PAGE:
Computing with nucleotides
by Harold Fellermann
16:00 (40 min) in Daysh G.07
Over the past decades, the physico-chemical properties of DNA and RNA have been exploited for ever more non-biological applications such as the construction of intricate nanoscale structures and mechanical devices. Importantly, nucleic acids have been employed to engineer molecular circuits that are able to perform logical computations including logic gates, adders, multiplexers and so on. Together, DNA thus nanotechnology promises the potential to couple structure, sensing, actuation and computation in an, in principle, rationally designable and biocompatible manner.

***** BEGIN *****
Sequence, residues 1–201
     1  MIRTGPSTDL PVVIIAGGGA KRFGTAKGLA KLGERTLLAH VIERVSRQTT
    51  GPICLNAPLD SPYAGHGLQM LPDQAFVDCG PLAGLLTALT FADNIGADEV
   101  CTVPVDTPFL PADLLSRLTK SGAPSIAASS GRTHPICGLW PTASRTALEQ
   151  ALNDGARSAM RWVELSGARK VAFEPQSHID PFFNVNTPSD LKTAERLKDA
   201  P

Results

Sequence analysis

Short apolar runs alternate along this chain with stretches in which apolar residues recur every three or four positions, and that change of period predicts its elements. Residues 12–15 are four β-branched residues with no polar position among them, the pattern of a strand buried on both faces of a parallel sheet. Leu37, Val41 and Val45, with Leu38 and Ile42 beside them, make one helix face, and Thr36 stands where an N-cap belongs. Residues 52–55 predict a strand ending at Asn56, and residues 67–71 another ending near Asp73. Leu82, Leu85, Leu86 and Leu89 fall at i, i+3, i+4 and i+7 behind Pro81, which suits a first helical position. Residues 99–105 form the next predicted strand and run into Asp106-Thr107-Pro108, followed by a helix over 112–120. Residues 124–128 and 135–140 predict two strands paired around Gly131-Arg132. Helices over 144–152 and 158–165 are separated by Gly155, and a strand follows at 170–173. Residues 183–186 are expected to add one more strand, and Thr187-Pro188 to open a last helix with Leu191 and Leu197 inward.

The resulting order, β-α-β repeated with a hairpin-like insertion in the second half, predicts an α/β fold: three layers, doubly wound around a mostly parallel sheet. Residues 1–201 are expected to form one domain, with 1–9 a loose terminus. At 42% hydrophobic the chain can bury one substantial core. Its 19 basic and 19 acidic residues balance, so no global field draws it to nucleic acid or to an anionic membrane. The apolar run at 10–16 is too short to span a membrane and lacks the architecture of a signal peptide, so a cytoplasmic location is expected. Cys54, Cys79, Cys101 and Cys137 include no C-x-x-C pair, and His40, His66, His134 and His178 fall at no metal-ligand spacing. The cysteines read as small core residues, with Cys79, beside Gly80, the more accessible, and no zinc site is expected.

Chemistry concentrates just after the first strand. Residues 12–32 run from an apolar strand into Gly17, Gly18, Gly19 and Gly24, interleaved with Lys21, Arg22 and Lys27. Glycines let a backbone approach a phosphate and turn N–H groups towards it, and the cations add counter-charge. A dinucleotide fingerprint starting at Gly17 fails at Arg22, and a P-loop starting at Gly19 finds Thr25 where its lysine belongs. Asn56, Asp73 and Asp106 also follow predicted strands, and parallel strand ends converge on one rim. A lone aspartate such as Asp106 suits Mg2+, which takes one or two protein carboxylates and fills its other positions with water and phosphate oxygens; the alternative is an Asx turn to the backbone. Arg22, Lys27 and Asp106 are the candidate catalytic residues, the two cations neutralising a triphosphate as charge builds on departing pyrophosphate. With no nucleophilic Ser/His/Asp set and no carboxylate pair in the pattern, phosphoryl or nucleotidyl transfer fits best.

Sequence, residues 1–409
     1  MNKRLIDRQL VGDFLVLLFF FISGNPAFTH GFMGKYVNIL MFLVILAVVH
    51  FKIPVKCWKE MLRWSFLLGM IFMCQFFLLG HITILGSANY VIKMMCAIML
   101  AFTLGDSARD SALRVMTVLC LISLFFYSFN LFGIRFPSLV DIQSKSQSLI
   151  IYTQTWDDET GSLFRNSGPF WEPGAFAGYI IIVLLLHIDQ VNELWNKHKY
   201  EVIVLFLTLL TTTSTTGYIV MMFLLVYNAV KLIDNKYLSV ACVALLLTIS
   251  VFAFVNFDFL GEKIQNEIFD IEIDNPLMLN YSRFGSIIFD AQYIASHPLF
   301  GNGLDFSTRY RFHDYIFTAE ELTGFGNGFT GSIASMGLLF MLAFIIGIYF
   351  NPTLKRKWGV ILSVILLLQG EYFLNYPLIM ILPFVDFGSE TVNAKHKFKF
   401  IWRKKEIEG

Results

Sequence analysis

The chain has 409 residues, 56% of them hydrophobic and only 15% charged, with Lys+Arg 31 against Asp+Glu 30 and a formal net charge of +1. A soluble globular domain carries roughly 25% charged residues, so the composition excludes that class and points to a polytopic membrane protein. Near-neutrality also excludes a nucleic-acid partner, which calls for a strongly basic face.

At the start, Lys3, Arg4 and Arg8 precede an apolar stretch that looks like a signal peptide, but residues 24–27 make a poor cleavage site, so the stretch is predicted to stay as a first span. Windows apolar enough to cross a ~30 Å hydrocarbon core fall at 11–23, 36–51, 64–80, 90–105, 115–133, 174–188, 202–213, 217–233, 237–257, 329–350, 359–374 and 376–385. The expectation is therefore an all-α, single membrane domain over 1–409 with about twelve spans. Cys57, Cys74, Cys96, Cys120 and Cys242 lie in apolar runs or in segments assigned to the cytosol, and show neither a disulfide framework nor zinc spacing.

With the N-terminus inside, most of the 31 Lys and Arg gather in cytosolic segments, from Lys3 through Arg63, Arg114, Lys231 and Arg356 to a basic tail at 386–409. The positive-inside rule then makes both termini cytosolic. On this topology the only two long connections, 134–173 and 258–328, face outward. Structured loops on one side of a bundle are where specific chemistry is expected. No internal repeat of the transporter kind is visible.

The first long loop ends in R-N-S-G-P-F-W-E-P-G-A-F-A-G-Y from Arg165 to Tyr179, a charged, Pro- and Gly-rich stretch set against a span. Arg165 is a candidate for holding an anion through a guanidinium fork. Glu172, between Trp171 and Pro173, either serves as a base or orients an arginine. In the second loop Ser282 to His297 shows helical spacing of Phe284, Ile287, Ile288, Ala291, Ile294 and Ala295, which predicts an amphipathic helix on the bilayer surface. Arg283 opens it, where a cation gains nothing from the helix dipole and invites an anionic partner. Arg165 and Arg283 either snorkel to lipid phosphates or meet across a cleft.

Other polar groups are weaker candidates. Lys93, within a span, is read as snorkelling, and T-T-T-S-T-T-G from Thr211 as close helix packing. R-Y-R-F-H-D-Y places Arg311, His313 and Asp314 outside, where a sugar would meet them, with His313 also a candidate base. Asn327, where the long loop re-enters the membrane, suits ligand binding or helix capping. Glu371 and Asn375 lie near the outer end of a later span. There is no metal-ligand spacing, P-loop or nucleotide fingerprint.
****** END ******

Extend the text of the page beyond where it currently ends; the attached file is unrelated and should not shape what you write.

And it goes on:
In my talk, I will introduce to DNA computing based on strand displacement and toehold exchange, discuss its general ability to serve as substrate for universal computation, as well as details of its biocompatibility. I will give an update of our ongoing work to realize a molecular stack data structure, and present initial work on implementing plasmid based logic gates. Finally, I will discuss how this technology could be interfaced with biological processes, and compare the pros and cons of utilizing nucleic acid physics over more established synthetic biological approaches.